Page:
1. A music video about junk mail.
2. The Direct Marketing Association announced Jan. 8 that it is no longer charging people $1.00 (fondly called the "inconvenience fee") to sign up for the Mail Preference Service which allows you to remove yourself from various mailing lists.
3. Then Tom Watson with King County Solid Waste Division in Seattle, WA, and the National Waste Prevention Coalition posted this to a list serve:
”DMA is clearly responding to Catalog Choice the new national opt-out service launched last fall by the Berkeley, CA-based non-profit Ecology Center. As of today, more than 360,000 people had signed up for Catalog Choice. DMA is also retooling their Mail Preference Service to make it seem more like the user-friendly Catalog Choice. In addition to taking off the $1 fee, DMA has introduced a shorter (and similar) website name, http://www.dmachoice.org.
Now, here's where it really gets interesting: The DMA Mail Preference Service used to be generic, taking people off all lists. Then Catalog Choice came along, letting people specify which catalogs they wanted to opt-out of. So now, DMA has decided they like that idea better, and they have changed the Mail Preference Service so that you just select the mailers you don't want mail from, rather than opting out of everything.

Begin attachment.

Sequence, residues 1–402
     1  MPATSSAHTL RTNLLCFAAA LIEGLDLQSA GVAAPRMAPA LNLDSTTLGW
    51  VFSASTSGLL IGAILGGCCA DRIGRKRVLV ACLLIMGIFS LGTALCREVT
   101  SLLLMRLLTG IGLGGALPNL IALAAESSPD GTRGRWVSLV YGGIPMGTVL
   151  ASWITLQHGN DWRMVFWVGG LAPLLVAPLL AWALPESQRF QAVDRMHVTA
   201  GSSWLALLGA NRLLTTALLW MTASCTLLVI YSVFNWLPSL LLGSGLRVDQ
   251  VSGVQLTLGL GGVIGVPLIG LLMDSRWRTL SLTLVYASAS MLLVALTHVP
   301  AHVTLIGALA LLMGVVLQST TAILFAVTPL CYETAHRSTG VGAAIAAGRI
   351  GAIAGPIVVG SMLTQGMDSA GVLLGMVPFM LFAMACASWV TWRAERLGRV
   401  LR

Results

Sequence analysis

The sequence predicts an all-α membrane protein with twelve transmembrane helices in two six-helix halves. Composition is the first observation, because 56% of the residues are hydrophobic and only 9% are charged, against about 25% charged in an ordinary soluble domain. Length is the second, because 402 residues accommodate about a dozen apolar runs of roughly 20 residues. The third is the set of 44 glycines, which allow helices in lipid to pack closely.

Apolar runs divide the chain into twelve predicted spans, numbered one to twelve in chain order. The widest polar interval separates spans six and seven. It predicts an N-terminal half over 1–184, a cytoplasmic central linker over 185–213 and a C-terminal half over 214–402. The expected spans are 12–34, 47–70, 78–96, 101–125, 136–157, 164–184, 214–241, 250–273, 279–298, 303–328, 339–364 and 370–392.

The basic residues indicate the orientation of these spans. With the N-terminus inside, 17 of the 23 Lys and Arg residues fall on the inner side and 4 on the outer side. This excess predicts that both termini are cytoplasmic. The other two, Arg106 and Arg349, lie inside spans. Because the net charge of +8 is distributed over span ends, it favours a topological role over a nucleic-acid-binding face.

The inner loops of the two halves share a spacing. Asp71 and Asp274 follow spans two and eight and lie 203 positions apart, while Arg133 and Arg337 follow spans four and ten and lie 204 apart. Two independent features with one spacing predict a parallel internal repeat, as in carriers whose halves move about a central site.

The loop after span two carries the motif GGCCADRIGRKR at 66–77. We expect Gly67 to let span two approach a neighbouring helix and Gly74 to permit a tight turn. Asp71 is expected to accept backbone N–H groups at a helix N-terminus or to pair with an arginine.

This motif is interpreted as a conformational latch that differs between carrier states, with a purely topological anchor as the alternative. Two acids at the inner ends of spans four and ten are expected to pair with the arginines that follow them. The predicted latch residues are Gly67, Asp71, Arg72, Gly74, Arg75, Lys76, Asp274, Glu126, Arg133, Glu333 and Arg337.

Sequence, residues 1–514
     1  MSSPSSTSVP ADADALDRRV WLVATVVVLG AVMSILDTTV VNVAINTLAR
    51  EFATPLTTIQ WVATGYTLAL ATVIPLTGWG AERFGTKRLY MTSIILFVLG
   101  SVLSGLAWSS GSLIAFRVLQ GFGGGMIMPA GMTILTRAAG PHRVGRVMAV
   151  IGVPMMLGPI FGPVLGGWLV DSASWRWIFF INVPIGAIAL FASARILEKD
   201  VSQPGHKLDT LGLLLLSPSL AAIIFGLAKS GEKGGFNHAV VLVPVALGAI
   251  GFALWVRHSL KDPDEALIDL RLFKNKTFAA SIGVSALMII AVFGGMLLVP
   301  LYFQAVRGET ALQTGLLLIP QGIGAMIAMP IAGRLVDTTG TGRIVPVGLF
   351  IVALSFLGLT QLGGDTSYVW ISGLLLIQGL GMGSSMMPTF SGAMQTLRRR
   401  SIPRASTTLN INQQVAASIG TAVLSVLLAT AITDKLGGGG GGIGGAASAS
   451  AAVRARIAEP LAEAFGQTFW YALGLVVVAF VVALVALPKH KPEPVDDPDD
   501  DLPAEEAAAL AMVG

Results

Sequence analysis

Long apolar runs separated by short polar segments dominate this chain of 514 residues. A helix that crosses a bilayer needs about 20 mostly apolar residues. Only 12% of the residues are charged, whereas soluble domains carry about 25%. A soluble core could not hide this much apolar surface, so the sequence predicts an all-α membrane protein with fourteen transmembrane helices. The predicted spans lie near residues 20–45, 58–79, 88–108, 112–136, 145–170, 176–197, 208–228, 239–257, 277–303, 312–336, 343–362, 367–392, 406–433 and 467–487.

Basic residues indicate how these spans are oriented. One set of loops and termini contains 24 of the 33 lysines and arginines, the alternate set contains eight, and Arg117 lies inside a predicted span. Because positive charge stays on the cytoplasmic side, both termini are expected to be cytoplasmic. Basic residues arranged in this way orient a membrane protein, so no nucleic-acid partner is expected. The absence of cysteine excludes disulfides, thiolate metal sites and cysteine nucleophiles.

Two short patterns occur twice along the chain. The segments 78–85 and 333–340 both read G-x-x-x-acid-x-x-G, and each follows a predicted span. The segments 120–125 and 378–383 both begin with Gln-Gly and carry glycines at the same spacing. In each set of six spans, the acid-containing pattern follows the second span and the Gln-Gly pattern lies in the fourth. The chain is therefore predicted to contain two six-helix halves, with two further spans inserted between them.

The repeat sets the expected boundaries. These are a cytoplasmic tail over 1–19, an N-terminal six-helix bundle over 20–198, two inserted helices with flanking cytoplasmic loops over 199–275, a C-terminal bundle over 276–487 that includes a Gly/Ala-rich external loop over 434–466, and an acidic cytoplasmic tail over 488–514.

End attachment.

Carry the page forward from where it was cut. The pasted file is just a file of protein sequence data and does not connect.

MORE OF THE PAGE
Ironically, the end result may be that less junk mail gets reduced. And even though the DMA finally took off the $1 fee, they still require you to give a credit card number when you sign up for their Mail Preference Service, supposedly to verify the request. I think that's just as much a barrier to some people as the $1 fee.”
I tend to agree with Tom.